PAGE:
Gov. Mike Dunleavy announced Friday evening that Alaska K-12 public schools will close to students for two weeks from March 16-March 30 to prevent the spread of COVID-19, the novel coronavirus. Staff will still be attending school, but students will not.
As of the the press conference at 5 p.m. Friday, which you can watch on the governor’s official Facebook page, there was one confirmed case of COVID-19 in Alaska, a cargo pilot in Anchorage. But, health officials expect the virus to spread.
“This is a slow moving storm coming our way. We know it’s coming. We’re preparing for it,” Dunleavy said at the press conference.
The health mandate issued by the governor also included restrictions on visitors for public institutions.
The mandate suspends and limits general public visitation to the following state institutions until otherwise rescinded by DHSS and the Office of the Governor:
- Department of Corrections (DOC) Facilities
- Division of Juvenile Justice Facilities
- Alaska Military Youth Academy
- Alaska Psychiatric Institute
It also includes limited visitation for the Alaska Pioneer Homes.
The Legislature also announced closures of the State Capitol to outside visitors: “Effective immediately, access to the State Capitol will be limited to lawmakers, employees of the Legislature, members of the governor’s administration, and credentialed journalists,” according to a press release from the Alaska State Joint Legislature. “Legislative work will continue as normal, and Alaskans will be able to participate fully in the public process by following along on Gavel Alaska, AKL.tv, and through written and telephonic testimony.”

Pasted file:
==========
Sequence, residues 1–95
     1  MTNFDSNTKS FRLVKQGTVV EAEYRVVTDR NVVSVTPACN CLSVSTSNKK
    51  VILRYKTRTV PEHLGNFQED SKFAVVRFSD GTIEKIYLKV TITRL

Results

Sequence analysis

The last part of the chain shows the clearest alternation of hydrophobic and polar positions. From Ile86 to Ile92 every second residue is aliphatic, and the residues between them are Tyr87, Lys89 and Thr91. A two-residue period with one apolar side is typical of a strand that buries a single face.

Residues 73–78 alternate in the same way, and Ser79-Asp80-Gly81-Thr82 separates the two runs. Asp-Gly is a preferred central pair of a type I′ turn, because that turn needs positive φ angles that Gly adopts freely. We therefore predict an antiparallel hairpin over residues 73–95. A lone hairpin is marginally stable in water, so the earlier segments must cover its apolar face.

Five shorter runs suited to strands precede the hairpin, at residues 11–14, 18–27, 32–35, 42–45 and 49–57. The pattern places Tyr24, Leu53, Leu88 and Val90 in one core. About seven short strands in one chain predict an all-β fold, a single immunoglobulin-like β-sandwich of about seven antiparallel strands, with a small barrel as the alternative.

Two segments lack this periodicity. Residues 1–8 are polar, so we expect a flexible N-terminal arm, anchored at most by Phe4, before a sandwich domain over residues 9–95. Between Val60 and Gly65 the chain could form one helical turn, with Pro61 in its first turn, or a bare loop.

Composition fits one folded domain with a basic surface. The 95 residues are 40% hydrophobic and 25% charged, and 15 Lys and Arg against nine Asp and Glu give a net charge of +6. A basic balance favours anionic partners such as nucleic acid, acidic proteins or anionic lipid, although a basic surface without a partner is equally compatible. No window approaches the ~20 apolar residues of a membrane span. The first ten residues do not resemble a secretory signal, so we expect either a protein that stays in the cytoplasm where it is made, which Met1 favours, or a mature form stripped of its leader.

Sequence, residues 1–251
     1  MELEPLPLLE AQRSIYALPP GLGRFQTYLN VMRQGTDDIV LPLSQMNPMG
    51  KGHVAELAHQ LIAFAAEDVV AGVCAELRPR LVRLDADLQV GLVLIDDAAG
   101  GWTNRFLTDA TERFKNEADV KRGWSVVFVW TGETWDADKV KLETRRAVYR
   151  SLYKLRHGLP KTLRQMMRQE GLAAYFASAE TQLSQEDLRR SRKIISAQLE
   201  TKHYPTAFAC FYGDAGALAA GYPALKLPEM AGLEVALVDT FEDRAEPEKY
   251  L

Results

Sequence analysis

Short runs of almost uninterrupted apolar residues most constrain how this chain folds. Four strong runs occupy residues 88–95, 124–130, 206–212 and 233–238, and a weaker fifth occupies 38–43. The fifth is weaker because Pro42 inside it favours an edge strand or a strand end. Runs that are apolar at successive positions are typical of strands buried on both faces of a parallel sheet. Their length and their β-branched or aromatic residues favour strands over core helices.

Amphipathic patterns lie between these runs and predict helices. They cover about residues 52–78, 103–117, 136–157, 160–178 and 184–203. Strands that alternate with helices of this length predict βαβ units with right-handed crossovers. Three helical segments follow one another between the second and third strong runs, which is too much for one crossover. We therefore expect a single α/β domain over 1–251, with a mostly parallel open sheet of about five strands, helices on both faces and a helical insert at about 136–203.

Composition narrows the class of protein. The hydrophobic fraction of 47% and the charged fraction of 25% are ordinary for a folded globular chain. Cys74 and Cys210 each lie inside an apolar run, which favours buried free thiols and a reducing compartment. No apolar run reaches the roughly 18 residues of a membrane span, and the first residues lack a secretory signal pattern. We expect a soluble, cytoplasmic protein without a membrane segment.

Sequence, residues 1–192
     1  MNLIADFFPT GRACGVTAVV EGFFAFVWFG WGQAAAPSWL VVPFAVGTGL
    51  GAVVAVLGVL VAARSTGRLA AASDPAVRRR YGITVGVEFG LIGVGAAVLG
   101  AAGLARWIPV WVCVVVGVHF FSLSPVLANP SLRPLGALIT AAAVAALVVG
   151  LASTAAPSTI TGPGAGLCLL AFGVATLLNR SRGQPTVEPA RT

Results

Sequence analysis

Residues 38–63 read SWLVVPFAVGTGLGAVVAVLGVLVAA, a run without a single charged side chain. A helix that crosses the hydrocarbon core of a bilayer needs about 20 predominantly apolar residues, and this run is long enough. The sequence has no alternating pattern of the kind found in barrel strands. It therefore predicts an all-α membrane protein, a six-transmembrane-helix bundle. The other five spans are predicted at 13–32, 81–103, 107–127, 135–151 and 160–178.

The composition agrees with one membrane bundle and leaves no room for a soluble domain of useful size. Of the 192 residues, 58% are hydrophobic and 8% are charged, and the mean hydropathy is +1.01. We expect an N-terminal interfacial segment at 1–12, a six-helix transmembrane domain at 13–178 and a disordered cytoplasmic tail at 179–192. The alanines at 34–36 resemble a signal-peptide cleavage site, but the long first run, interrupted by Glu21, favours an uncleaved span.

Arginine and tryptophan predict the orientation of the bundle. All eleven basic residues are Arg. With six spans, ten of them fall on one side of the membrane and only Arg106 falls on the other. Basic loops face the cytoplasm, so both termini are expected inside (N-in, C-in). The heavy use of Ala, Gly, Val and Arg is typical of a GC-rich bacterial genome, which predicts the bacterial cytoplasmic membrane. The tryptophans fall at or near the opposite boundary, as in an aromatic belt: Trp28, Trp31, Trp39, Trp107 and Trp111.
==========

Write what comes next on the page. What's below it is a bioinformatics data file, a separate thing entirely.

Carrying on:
The House and the Senate today passed a measure today that would delegate decision-making to the newly formed Legislative Council Subcommittee on Emergency Response and Preparedness, chaired by Sen. Gary Stevens, R-Kodiak.
“A few precautionary steps will help mitigate the spread of this disease,” said Senate President Cathy Giessel, R-Anchorage. “We want to reduce the strain on our healthcare facilities to ensure our most vulnerable Alaskans receive the care they need, and continue the important work of passing a balanced budget for the people of Alaska.”
Officials from the governor’s administration have not been able to provide numbers for how many ventilators the state has, or when the hospital system will become overwhelmed.
“At this time we do not see any significant limitations within our healthcare infrastructure,” said Alaska Chief Medical Officer Anne Zink. View her full response in the video below.
@alaskalandmine has not been able to confirm the number of ventilators in the state or the threshold for the Alaska hospital systems becoming overwhelmed. Alaska CMO @annezinkmd says she doesn’t have exact #’s bc it will continue to flux based on local/national response. #akleg pic.twitter.com/yHKT528mmR
— Mollie Barnes ✍🏻 (@holyguacamollie) March 14, 2020